T o avoid additional complications due to step-step interaction, isolated steps oriented along [ l i ~ ] direction were chosen. We cannot determine whether the microfacets are of ( 1 11)- or (100)-type. The next defects visible by STM were at leas1 400A away from the investigated siw. To investigate the step fluctuations, we applied the line scan- or time image-technique used in many laboratories 11, 21. Time images were recorded by scanning the same line perpendicular to the step edge (i.e.

[I

121

direction)

5

12 times in succession within 34 s with a density of roughly 7 pixels per atom. The drifi of the STM amounted to 0.5 h m i n in lateral and 0.03 h m i n in vertical direction. For each set of parameters, 10 to 20 time images were recorded. All data were recorded in the constant current mode. The STM images shown Lhroughout this paper are presented as unfiltered experimental raw data in a linear gray scale representation. Fig. 1 shows a typical time image. lie discrete step positions are clearly resolved,

as

well as short excursions of [he step position for just one scan line. The step posi~ion in units

of

pixels is

uncorrelated whereas for slow terrace diffusion (terrace diffusion scenario

TD)

h e r e is a correlation

determined from the experimental raw data using a

Fig. I . Time-image of a fluctuating step

(U,,,

= 0.95 V ; simple threshold detection algorithm and 1 = 1 nA; size: 90

A

x 34 s). X gives the sparial coordinafe subsequently digitized into units of atomic rows, as

shown by the solid curve x(t) in Fig. 1. From that along

[I

121

direction, t d e n o m time. The solid line curve, the slep position autocorrelation function is shows the step position as determined lrom h e

experimental raw daia. calculated according to

Here, the brackets denote an averaging over all possible time origins. Finally, the autocorrelation functions from the time images recorded under identical conditions are averaged.

3.

Theoretical Background

At finitc temperature, monalomic steps on crysulline surfaces are not statlc. Due LO thermal fluctuations, their posrtion perpendicular to t h e ~ r mean orientation becomes a function of time t- x = x (t). The step stiffness provides the restoring force which tends to straighten the step. The dynamics arc usually described in the Langevin formalism [7] On the atomic scale, there are three conlpeting diffusion scenarios: Atoms can detach from thc step edge, diffuse on the adjacent terrace, and reattach an some other position. For fast terrace diffusion (evaporation-condensation scenario EC) the

locations of detachment and reattachment are

due to a locally enhanced adatom densly on the terrace in front of the desorption site. In the third case (periphery diffusion scenario PD), the individua1 atoms can only dtffuse in one dimension along the step edge. For each of h e three scenarios,

an algebraic time-dependence of the autocorrelation function is expected:

G,(At) = a.A t b, ( 2 )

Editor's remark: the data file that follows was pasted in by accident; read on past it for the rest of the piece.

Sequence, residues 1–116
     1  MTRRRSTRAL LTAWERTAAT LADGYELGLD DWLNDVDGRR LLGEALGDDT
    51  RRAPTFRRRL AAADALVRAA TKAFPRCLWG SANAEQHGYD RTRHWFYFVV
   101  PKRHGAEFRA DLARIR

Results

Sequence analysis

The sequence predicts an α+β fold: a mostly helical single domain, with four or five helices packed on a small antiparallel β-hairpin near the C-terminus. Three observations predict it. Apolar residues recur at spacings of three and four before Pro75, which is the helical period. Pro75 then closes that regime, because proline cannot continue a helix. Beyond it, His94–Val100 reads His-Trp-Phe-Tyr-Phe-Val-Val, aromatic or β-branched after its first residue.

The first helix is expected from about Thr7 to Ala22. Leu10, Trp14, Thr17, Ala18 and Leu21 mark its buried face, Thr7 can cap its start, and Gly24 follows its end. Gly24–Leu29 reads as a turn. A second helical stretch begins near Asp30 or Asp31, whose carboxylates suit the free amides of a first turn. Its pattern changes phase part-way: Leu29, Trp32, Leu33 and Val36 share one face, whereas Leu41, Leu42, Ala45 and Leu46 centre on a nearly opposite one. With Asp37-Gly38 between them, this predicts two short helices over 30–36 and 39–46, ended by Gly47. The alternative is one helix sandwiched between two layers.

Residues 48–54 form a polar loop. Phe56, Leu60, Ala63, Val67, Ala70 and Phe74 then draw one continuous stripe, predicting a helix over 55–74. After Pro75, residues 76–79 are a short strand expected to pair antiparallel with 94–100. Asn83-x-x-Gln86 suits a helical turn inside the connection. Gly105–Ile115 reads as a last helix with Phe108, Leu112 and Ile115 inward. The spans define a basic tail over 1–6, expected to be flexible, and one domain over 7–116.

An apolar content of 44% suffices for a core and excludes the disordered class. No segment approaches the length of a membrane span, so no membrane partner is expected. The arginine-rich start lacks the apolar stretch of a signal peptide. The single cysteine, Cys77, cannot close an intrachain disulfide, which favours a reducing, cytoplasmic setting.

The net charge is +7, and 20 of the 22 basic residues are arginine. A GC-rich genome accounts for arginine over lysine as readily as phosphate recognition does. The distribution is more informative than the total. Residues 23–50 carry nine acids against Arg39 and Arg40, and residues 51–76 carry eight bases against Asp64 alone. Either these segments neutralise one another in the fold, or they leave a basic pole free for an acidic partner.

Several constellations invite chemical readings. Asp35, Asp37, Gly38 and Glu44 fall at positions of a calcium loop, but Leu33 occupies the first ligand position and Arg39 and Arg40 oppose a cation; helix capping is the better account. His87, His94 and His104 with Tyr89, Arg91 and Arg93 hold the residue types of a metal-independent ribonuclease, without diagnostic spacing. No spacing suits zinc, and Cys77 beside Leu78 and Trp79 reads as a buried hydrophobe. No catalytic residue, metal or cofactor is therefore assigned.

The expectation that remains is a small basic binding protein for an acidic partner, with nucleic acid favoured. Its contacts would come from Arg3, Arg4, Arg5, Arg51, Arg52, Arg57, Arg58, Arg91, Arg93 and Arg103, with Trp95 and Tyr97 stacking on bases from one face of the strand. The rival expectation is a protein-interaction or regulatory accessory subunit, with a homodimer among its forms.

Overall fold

with an exponent b of '12,

' 4 ,

or '14 for (EC), (TD), and

(PD)

[171, respectively. The prefactor a depends on the dominant diffusion mechanism and contains information on the activation energies and diffusion barriers for the underlying atomic-scale processes.

4. Results

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the dominant diffusion mechanism renders any subsequent analysis worthless. Fig. 2a shows the step position autocorrelalion function versus lime recorded successively for three different values of gap impedance. The bias voltage was kept constant at

Uh,

= 0.95 V and the set point current was varied from 0.18 nA (curve (I)) to 5.0 nA (11) and back to 0.05

nA

(El). Thereby, the tip-sample distance changed by -1.73

A

(1-11) and by +2.02

A

(lI+III), respectively, as determined from the change in h e piezo voltage. These values are in fair agreement w i h rhe independently measured apparent barrier height of 3.1 eV. As can be seen from h e figure the experimental data essentially collapse. Obviously, the tunneling current and thus the tip-sample distance could be varied over quite a significant range without disturbing the step fluctuations. The firs of the experimental d a u to (eq. 2) with an upper cutoff time At, = 6s yield values for the exponent b of 0.25 (+0.0 1 / -0.02),

L

K time [a] 0 1 2 3 4 5 6 7 8

a)

time [s] 1,5-

-

1,o-

r:

([I

-

h

5

0.5

ax

0,O I I 0 1 2 3 4 5 6 7 8 time [s]

Fig. 2 Step poslrlon au~ocorrelation funcuon versus ume for vanous tunneling resistances.

For clarity, only every fourth pomt I S plotted, a) Data sets for three different tunneling current recorded subsequently at U,, = 0 95 V Inset: logarithmic plot of curve (IF) and (111). b) Two data sets recorded subsequently ar I = 0 03 nA.

The solid Line are fit curves (see text) 0 (I) : I =O.I8nA A (II):I=5.OOnA 3 (111): 1 = 0.05 nA d - .

-

0 0.4 0.5 1 5 10 0.27 (+0.01 1 -0.01), and 0.24 (+0.02 / -0.01) for curve (I), (Il), and

(I,Il),

respectively. The error bars indicate the deviations when [he somewhat arbitrary cutoff time is replaced by A& = 4 s or

7.5

s . Fig. 2b reproduces h e same kind of data obtained in another experiment. In this case, we kept the tunneling current constant at I, = 0.03 nA. Curve (IV) was recorded at a lip bias voltage of U,, = - 1 V, curve (V) at UDp =

-5

mV. Upon reducing the bias voltage the tip-sample distance was reduced by 4

A'.